This paper seeks to provide a systematic understanding of the controversy surrounding commerce in US schools.
The paper surveys the history, research and policies related to commerce in schooling (1890‐2005) within the USA. The literature is organized according to four emergent US perspectives – protectionist, celebrant, cultural critic, and educated consumer.
The review finds that dominant US assumptions of commercial media subscribe to a stimulus‐response model of learning, rather than an active model of young people as constructing their own experiences with commercial media. Much of the research and many of the policies about commercial media in schools reflect adult assumptions about how young people learn, rather than provide empirical research about how young people actually interact with commercial texts while in school. The paper questions an excessive emphasis on the texts and technologies of instruction and calls for more empirical research that is grounded in theories of social constructivism, symbolic interactionism, and media education.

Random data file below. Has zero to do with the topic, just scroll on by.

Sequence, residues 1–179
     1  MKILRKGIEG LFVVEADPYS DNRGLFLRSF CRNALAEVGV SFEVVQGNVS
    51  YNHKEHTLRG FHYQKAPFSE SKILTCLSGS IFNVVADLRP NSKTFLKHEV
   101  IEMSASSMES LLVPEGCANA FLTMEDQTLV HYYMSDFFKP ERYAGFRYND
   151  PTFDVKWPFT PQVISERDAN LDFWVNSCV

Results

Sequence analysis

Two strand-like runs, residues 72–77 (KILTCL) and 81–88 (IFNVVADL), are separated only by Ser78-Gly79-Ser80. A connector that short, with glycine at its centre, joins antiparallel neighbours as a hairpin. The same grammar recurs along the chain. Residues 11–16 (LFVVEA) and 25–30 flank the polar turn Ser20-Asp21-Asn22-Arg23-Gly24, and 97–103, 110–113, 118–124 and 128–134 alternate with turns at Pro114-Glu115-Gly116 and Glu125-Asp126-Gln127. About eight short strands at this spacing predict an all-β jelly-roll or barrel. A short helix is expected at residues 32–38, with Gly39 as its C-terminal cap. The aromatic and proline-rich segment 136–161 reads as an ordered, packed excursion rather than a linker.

The four dominant media perspectives generated through this review of literature are limited to the USA.
A useful review of literature and schema to inform the understanding of educators, policy makers, and researchers as to the dominant US perspectives about commercial media and the education of young people. The schema can be used as a springboard for research and inquiry into the perspectives and policies of commercial practices and education in other countries.
This paper contextualizes nearly a century of research on commercial media and the education of youth in the USA, and provides a historical and theoretical context for researching education, technology and commerce in the USA and other countries.
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